Esther Perel will join David Whyte to share some insights into modern love on their first South Africa tour together next month.
“I believe that the quality of our relationships determines the quality of our lives,” says Perel who is recognised as one of the world’s most original and insightful voices on modern love.
Fluent in nine languages, Esther is a global psychotherapist, New York Times bestselling author and her celebrated TED Talks have garnered more than 28 million views.
Joining her at events in Johannesburg and Cape Town in October is Whyte, an internationally acclaimed poet and author of nine books of poetry, a book of essays beloved by Brain Pickings, Maria Popova and acclaimed author Elizabeth Gilbert, and three books of prose exploring the nature of work and relationships in human life.
Perel and Whyte will bring to these sessions their own unique blend of philosophy, insight and experience as they talk about the Paradox and Poetry of Modern Love: Keeping Desire Alive amid A World of Distractions and Difficulties.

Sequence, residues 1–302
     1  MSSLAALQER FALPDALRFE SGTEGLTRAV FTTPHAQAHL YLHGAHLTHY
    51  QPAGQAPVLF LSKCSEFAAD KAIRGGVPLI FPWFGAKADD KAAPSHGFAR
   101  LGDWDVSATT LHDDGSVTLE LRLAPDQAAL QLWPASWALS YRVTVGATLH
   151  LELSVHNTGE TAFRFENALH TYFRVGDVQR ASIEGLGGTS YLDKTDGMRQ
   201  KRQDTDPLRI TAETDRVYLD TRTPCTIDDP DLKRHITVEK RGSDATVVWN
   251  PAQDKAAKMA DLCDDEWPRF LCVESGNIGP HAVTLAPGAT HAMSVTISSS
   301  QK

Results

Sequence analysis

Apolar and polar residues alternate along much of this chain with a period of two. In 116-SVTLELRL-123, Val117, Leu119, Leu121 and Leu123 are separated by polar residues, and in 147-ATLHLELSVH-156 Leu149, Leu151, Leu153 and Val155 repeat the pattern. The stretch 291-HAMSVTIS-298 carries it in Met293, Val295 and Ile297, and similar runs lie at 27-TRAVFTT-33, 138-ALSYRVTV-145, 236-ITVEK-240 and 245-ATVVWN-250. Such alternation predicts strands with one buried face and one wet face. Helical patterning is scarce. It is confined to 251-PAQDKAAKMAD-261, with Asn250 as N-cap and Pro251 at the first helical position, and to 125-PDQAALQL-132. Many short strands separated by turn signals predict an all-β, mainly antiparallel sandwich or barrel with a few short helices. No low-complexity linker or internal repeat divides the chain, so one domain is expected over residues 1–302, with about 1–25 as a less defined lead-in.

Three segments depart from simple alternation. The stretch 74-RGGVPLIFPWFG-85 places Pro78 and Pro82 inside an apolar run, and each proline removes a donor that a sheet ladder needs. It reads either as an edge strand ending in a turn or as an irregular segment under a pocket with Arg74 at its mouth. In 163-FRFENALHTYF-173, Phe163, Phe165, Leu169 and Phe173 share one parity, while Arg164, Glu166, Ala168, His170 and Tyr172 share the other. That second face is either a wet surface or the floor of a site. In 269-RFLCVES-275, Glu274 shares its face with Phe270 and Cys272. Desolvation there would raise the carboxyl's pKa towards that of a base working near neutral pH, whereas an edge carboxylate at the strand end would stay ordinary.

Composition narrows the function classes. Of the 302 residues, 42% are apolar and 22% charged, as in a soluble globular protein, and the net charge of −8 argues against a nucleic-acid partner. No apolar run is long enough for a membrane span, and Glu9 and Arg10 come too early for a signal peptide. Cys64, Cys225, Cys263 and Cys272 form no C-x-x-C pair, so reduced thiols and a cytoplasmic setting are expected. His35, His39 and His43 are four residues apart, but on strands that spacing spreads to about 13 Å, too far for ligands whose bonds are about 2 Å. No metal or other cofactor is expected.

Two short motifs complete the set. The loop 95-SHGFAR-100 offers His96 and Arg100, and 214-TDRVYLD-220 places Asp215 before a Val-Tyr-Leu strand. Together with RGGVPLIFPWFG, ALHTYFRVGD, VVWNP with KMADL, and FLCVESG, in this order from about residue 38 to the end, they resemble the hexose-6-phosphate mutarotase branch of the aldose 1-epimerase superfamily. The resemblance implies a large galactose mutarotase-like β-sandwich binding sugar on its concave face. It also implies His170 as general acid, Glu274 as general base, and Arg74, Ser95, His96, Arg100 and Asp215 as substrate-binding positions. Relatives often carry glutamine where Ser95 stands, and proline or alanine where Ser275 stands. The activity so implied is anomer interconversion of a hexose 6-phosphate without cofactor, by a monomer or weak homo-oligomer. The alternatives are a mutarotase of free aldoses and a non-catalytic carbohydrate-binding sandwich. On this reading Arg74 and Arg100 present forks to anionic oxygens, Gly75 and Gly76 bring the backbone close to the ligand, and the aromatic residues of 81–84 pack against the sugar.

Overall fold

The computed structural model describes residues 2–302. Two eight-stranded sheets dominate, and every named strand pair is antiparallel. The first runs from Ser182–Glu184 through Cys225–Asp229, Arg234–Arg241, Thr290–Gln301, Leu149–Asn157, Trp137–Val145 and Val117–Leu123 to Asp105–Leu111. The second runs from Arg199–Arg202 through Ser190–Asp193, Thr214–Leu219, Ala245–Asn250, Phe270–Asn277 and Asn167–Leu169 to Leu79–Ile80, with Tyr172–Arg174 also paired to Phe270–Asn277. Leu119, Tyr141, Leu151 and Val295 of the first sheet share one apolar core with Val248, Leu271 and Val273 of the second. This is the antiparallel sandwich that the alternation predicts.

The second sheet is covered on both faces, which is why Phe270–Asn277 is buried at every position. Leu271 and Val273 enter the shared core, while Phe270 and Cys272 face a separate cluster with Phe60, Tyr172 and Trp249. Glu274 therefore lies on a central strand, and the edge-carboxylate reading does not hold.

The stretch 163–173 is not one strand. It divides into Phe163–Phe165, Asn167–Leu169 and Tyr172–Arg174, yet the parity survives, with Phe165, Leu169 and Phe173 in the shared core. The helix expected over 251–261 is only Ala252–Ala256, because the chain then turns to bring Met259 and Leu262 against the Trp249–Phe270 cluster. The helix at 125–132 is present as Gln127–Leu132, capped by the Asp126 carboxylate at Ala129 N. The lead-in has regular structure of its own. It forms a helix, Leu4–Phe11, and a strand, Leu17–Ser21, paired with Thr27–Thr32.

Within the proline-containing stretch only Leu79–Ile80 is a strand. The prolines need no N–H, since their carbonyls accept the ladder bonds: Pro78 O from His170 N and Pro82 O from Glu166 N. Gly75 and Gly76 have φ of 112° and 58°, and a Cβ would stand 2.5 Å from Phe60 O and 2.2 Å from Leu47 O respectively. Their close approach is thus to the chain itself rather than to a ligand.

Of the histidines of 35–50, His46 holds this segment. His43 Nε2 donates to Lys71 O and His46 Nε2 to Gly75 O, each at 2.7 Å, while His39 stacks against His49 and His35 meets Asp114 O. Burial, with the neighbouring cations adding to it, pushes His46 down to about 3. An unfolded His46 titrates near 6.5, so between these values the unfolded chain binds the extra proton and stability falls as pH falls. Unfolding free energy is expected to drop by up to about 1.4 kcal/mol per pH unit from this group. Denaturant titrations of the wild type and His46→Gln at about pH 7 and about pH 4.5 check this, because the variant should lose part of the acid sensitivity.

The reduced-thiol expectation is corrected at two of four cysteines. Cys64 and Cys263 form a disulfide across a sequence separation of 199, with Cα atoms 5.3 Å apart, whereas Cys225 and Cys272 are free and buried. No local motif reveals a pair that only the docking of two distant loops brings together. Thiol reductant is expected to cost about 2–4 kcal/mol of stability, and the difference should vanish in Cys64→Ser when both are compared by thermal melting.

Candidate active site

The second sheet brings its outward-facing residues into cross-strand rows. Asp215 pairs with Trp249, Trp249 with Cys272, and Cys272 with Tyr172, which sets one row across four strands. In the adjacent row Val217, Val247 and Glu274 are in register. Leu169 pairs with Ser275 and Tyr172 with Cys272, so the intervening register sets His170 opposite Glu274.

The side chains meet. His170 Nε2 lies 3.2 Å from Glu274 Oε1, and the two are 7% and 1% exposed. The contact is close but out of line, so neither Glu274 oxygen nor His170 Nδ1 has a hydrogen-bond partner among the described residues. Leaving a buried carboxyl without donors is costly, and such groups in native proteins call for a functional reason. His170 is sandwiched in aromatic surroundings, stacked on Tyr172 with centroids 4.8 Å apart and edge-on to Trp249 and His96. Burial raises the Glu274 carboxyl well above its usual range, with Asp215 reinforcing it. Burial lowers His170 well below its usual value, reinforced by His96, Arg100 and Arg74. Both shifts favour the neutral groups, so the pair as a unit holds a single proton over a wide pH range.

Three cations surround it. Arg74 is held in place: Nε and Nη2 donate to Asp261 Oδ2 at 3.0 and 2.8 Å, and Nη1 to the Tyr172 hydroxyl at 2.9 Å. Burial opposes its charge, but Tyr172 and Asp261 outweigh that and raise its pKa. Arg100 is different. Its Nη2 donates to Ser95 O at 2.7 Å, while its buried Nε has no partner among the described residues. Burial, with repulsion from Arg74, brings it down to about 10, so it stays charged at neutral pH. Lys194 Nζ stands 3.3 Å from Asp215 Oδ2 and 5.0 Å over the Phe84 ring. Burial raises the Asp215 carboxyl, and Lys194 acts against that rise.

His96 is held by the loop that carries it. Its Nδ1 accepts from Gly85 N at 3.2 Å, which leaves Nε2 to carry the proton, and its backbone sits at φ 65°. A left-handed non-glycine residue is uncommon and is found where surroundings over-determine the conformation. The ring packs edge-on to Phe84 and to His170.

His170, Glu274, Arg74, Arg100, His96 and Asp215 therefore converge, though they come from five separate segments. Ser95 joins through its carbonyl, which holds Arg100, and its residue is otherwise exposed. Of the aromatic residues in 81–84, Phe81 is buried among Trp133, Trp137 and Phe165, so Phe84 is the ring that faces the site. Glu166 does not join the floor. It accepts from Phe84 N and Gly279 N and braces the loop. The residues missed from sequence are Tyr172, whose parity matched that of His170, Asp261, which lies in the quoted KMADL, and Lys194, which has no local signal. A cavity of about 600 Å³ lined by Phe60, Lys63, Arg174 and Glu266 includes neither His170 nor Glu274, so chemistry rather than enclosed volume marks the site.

Relationships are going through a complex cultural shift. Expectations on intimate partnerships are at an all-time high, yet we lack the tools, resources, and the imagination to navigate this new territory.
Perel and Whyte will shine a light on the state of modern love and the interplay of love, lust and commitment.
Whyte was last in South Africa two years ago and enjoyed sell-out events in Cape Town and Johannesburg with his talk entitled A Timeless Way: The Art and Practice of Deepening Any Conversation.
Perel will be in South Africa for the first time, following recent sell out talks in Paris and Sydney.
Perel’s first book, Mating in Captivity: Unlocking Erotic Intelligence, has been translated into nearly 30 languages and her newest book, The State of Affairs: Rethinking Infidelity, hit the New York Times bestseller list upon release in 2017.
A journalist writing for the New York Times said: “Perhaps not since Dr Ruth commandeered American airwaves in the 1980s has there been a public figure with so much of an audience for her work on human sexuality”.